The Dormant Commerce Clause, Vegas-Style
Many Las Vegas tourists are surprised when they learn that prostitution is illegal in Clark County, Nevada. Law-biding johns who don’t want to risk jail avoid the illicit Vegas trade. They drive to neighboring Nye County to hire a duly licensed “professional.”
In Nye, the vice is legalized but it is heavily regulated. Nye County Code 9.20.090(A) requires a prospective brothel owner to provide evidence that he/she is “a bona fide resident of [Nevada] and has been so for six (6) months” prior to being licensed. Section 9.20.190 provides that “[a]ll licensees and their managers must be available to the board at all times, and cannot operate the premises from addresses located in other states.”
These requirements prevented Texas resident Bruce Kahn from applying to own a Nevada brothel. In TCR Holdings, LLC v. Nye County, he challenged the application residency requirements as violating the dormant Commerce Clause, the Privileges and Immunities Clause, and the Equal Protection Clause. The equal protection claim was a non-starter, but the district court ruled for the plaintiff on dormant Commerce Clause grounds. According to the district court, the dormant Commerce Clause requires that a Texan be able to apply to be a licensed owner of a brothel operating in Nevada on terms equal with a Nevadan.
I believe the district court’s ruling is incorrect, or at the very least may have some serious unintended consequences for plaintiff Kahn.
Consider what legal consequences follow from the district court’s view that Nye County is required to allow Texans and other non-residents to apply for brothel licensure on equal footing.
Pursuant to its power to regulate interstate commerce, Congress criminalized interstate prostitution with the federal Mann Act: “Whoever knowingly transports any individual in interstate or foreign commerce…with intent that such individual engage in prostitution…shall be fined under this title or imprisoned not more than 10 years, or both.” In Hoke v. United States, 227 U.S. 308 (1913), the Court upheld an earlier iteration of the statute on the theory that the Commerce Clause power had already been extended to reach illicit markets, i.e. the outlaws of commerce.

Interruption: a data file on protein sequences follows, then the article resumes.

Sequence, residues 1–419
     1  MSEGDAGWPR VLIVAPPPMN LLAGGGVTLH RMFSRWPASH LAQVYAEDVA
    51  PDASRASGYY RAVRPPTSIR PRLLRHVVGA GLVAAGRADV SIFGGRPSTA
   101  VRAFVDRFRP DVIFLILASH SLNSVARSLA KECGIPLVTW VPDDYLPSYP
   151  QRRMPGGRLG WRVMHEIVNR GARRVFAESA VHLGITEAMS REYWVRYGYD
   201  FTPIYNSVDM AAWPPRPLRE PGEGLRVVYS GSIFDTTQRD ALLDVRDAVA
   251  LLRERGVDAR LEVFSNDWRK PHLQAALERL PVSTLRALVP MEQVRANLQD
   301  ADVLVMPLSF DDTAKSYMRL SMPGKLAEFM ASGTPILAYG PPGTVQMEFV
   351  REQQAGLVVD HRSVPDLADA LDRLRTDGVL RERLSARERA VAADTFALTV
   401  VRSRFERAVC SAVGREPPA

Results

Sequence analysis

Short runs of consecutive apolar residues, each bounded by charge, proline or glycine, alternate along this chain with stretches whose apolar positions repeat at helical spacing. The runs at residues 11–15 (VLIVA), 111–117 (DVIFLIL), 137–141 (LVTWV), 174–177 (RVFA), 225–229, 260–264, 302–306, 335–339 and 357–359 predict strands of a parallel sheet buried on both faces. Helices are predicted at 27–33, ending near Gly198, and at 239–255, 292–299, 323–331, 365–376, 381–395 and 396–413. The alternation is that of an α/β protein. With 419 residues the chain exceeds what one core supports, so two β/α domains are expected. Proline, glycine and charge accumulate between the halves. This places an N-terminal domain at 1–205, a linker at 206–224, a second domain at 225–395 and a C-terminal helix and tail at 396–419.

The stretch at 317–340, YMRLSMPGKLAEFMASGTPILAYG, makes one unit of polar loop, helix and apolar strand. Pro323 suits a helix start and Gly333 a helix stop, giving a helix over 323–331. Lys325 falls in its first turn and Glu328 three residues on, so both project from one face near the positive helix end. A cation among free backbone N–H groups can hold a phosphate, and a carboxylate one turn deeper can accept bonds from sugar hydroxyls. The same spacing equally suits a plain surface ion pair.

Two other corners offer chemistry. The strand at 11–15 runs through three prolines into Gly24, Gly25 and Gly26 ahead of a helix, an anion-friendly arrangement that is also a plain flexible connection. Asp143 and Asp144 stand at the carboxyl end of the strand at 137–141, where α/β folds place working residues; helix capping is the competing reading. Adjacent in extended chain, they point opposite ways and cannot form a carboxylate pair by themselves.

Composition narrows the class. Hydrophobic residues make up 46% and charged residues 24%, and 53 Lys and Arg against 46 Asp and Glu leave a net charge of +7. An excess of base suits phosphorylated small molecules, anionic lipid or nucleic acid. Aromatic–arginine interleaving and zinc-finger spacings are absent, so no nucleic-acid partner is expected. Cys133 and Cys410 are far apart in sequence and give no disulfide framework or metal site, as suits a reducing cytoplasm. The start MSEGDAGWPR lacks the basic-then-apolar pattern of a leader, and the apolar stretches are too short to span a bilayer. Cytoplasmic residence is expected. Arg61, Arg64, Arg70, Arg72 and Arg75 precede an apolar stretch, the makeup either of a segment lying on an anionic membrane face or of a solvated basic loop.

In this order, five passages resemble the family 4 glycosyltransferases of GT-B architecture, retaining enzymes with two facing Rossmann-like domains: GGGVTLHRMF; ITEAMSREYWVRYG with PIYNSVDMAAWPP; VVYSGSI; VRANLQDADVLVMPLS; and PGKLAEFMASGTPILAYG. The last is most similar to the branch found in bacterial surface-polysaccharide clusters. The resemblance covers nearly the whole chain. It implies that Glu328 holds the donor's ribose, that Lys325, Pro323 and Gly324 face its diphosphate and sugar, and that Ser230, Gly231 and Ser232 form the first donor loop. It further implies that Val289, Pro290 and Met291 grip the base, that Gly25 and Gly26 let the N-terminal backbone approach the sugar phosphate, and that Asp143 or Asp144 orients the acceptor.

Under the Supremacy Clause, the Mann Act preempts contrary state law. Thus, it becomes necessary to ask whether the Mann Act would either expressly or impliedly preempt Nye County code provisions if, following the district court’s judgment, they permitted a Texan to apply for a license to operate a Nevada brothel.
The trick for Nye County has been to avoid authorizing conduct proscribed federally, as its local code provision is no shield to federal prosecution under the Mann Act. Consider United States v. Pelton, 578 F.2d 701, 712 (8th Cir. 1978), in which the Eight Circuit sustained the conviction of defendants who sent a woman to Nevada to start work as a prostitute. The court concluded that “the status of prostitution under Nevada law ha[d] no bearing on the illegality of this agreement under the Mann Act.” Nye County must walk a fine line. The Mann Act extinguishes the interstate market for prostitution by barring the transportation of prostitutes across state lines. A Nevada residency requirement for the prostitutes, then, helps assure that they have not crossed state lines for that purpose and keeps them intrastate.